Then there’s the more specific trade journals and things that are in your sector, and unfortunately, because it’s sector specific I can’t necessarily give you names, but every analyst out there better have at least one or two industry-specific trade journals that they find useful, that they’re scanning periodically, otherwise they’re going to miss on the trends. They’re going to have to wait until the general media picks up on them.
In terms of how to be a better analyst, obviously I wouldn’t have wrote the book if I didn’t think that there was a hole there. So, I do think that’s one of the ways, obviously.
But, there are some books on evaluation. Unfortunately a lot of them are fairly academic.
Professor Damodaran from NYU has got two or three books out there that I think are very good. He is looking at them from more of somewhat academic, but he has more of a practitioner’s vent than I’ve seen from a lot of other authors.
I think on the buy side, obviously priorities are different whether you’re on the buy side or sell side, but buy side is consuming every type of media you can possibly think of, right? They’re on Twitter, and they’re mining that to try to find any morsels that may move stocks, or that maybe pertinent to a particular thesis.
Are sell side guys also sort of attune to some of the changes in the consumption of media now? Or are they still sort of innoculated from that?
Valentine: It really depends on the person, and this kind of goes back to part of the reason I wrote the book, is that every analyst out there is allowed to kind of adopt whatever practice they want. I would say if you find- most analysts who are on the job that are 30, or maybe 35 is the right age, threshold and older, not convinced that they’re all out there mining Twitter, or any of the other social media to try to stay ahead, but I would say most analysts under the age of 30 are probably trying to do those things.
The key thing though, and this goes back twenty years, at least, as far as I know in my career, there is always something that comes out that people think is going to be the panacea, that’s going to be, “Here’s the place to find the good information.” And the reality is that you have to filter it down to what’s really relevant to you. Then once you filter that down you’ve got to figure out, “Well, is this really going to impact my stock, and if so what’s the magnitude,” and then do the research.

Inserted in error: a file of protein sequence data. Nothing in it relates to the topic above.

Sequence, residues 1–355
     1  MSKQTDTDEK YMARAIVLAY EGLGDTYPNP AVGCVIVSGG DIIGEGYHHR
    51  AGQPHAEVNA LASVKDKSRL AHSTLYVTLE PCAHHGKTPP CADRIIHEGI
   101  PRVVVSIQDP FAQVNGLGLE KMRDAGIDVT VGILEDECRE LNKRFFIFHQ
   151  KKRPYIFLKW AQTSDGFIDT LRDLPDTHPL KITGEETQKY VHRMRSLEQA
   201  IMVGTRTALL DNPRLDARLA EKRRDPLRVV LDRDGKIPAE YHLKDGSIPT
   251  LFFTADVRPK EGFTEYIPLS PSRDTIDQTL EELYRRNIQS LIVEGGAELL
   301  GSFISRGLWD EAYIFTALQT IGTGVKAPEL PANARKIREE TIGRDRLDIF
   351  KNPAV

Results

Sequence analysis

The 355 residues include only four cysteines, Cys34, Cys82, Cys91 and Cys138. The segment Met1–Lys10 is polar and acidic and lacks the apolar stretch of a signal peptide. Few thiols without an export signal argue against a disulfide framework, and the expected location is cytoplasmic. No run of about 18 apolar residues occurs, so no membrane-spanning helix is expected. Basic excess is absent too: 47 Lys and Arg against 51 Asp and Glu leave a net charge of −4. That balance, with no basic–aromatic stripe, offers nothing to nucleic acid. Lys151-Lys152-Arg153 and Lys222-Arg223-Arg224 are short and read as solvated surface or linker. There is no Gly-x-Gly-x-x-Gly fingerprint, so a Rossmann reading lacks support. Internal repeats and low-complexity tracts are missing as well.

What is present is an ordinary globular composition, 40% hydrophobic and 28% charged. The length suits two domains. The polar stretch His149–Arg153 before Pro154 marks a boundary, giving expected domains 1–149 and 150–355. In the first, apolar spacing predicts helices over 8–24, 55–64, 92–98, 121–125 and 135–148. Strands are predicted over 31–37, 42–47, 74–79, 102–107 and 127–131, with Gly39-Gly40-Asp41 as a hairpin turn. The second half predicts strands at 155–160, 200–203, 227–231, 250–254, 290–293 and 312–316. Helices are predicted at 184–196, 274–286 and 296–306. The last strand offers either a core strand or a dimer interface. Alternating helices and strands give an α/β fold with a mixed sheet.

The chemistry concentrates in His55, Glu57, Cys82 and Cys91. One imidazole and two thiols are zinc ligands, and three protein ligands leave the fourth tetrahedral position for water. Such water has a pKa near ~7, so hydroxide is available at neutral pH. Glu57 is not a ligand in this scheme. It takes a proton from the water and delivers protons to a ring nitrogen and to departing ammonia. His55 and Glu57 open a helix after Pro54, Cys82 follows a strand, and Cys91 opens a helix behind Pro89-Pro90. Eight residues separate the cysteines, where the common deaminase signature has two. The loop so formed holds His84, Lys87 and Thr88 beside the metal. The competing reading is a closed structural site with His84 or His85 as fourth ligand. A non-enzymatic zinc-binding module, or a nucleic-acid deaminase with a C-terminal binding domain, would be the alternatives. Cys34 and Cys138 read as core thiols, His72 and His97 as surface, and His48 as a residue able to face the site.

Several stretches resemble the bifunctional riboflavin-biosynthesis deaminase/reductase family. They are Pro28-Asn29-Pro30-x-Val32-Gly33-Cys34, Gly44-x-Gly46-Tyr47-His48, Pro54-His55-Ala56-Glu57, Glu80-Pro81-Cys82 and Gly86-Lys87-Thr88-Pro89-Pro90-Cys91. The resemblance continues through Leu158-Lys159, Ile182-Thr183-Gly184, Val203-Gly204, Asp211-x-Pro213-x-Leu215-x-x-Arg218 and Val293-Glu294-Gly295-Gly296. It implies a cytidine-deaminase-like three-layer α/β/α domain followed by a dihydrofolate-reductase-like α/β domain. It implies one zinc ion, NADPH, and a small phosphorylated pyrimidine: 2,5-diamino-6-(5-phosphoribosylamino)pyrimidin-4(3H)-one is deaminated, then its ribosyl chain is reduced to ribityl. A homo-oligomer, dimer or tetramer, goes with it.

It’s kind of going back to when we were talking about killer apps, this idea that using social media, and this is more your area than mine, but using social media is clearly important, but you’ve got to be able to harness it, so you’re not sitting there for eight hours a day scanning things defensively, and not really doing your job, namely, getting out there and proactively being on offensive and trying to figure out how you can have a differentiated view. Because if it’s already out there in social media it’s out there, and you’re not necessarily going to be able to make a big difference.
Just lastly, in terms of building that differentiated view that you talk so much about, you talk about this innerplay this communication between the buy side and the sell side. Obviously each one is looking for something different from each other, but when we were at the hedge fund we definitely found this sort of dream team of sell side analyst from different firms that we reach out to for different things that we felt had a really valuable perspective for us when we were building our thesis.
Can you talk a little bit about that, about how to use each other I guess to sort of harness the different perspectives in terms of finding out where stocks are going to go?